Sample response: “I can struggle with being assertive, particularly when dealing with difficult patients or family members. I am learning strategies to communicate more effectively and assertively.”

This response shows that the candidate understands the importance of clear communication, particularly in challenging situations. By actively trying to improve their assertiveness, the candidate demonstrates their commitment to effective communication and patient care.


Sample response: “I can be overly critical of my work, always finding ways I could have done better. While it drives me to improve, it can also create unnecessary stress. I’m learning to balance my self-criticism with recognition of what I do well.”

Here, the candidate is showing a drive for continuous improvement, a valuable trait in healthcare. However, they also recognize the potential for stress this could cause and are working on balancing their self-criticism with recognition of their strengths, indicating emotional intelligence and resilience.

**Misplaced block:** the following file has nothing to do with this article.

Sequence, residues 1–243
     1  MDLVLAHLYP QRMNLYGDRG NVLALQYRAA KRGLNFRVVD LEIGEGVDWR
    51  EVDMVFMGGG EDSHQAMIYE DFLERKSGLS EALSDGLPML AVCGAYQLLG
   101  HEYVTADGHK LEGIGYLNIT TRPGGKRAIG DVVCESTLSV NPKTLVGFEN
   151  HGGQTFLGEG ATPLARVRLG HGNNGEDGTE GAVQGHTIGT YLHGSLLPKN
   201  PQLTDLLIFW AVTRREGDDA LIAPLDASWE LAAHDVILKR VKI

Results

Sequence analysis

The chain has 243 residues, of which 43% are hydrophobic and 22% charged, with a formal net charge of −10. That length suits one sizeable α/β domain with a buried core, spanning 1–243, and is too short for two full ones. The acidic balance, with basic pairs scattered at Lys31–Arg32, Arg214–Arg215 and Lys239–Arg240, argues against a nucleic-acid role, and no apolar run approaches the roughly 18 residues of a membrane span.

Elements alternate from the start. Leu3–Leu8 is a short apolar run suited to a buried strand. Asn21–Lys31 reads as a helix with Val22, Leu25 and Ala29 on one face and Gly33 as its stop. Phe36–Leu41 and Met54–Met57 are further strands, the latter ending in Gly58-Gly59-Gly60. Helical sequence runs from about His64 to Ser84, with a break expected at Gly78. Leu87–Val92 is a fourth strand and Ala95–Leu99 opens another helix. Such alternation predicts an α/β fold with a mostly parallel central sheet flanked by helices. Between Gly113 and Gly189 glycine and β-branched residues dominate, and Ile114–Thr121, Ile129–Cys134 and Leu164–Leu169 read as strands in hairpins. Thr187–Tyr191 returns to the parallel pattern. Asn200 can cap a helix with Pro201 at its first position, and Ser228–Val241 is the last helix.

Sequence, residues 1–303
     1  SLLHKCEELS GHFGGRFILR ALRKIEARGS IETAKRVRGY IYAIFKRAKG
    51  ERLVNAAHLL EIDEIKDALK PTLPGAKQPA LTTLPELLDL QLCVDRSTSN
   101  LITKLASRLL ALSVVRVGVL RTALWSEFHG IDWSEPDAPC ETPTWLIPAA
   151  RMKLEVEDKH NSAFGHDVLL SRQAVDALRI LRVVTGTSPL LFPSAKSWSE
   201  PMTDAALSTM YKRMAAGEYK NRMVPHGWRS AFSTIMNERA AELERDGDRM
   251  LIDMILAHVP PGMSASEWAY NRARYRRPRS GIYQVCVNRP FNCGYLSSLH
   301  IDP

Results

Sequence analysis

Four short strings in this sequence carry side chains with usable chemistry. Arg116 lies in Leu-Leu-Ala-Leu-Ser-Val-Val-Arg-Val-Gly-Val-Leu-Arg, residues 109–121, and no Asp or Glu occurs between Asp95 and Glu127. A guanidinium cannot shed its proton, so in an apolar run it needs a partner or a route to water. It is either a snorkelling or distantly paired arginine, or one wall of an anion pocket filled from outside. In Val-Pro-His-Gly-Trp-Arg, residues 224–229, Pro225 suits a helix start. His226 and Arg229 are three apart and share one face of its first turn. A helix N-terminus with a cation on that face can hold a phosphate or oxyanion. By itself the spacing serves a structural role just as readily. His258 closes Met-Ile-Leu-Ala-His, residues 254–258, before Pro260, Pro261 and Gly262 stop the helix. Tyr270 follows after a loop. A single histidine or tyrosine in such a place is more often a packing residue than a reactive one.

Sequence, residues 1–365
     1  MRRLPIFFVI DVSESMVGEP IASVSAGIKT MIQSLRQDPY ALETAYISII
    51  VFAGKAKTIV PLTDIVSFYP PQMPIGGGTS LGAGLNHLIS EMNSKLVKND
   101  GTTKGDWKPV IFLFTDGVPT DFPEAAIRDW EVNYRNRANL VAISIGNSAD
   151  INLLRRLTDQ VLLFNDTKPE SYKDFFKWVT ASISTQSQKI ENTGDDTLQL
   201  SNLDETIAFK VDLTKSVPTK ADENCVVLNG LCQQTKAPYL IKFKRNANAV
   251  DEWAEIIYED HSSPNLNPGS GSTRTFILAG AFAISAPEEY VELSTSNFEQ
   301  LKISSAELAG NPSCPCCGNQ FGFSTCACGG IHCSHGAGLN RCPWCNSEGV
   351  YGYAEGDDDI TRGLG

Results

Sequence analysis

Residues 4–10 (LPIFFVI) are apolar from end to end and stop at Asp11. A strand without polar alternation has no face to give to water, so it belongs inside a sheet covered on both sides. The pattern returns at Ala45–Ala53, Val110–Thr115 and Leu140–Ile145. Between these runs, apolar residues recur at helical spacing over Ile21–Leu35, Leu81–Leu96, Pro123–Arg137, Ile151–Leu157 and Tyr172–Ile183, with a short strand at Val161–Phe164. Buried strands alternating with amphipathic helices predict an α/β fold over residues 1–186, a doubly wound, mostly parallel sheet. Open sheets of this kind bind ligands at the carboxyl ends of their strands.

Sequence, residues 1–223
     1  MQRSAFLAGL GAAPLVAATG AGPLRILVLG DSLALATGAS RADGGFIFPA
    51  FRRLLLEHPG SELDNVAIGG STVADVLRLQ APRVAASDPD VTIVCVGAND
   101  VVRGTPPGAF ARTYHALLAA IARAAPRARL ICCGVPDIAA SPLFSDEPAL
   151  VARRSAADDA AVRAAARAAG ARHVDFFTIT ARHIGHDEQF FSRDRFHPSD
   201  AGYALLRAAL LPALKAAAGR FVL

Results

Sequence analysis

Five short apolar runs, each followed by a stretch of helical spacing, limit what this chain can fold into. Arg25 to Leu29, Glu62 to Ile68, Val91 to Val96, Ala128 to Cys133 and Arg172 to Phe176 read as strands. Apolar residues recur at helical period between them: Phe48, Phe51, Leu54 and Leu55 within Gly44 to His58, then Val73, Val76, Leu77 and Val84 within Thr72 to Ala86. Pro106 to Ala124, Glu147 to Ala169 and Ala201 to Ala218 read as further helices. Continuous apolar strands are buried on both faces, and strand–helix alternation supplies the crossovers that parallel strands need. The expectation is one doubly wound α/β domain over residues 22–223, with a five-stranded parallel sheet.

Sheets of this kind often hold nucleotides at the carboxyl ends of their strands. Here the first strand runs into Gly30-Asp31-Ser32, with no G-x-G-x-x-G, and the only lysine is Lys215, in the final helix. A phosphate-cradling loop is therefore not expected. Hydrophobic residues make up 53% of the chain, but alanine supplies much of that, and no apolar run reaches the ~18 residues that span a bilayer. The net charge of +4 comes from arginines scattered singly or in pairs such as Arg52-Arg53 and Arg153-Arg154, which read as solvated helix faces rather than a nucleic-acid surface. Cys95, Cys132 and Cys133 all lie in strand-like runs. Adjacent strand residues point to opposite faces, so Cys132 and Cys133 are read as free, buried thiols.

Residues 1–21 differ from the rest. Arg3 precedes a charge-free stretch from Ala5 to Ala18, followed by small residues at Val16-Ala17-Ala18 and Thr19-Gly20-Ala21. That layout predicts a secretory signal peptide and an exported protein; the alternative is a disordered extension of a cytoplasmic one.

Time Management

Sample response: “One area I’m focusing on improving is time management. Nursing is a busy field, and there are days when the workload can be challenging. I’ve been learning various time management techniques and prioritization methods to handle this better.”

This response shows the interviewer that the candidate is aware of the demanding nature of nursing. Acknowledging a struggle with time management and expressing an active interest in improving these skills demonstrates the candidate’s willingness to adapt and learn, which are valuable traits in any nursing professional.

How to answer “what are your weaknesses?” in a nursing interview

When answering the question “What are your weaknesses?” in a nursing interview, it’s crucial to be honest, but strategic. Here are a few tips:

  1. Be Honest but Selective: Choose real weaknesses, not clich├ęs or faked weaknesses. However, make sure they’re not fundamental to the role. For instance, as a nurse, a bad answer would be “I can’t stand the sight of blood.”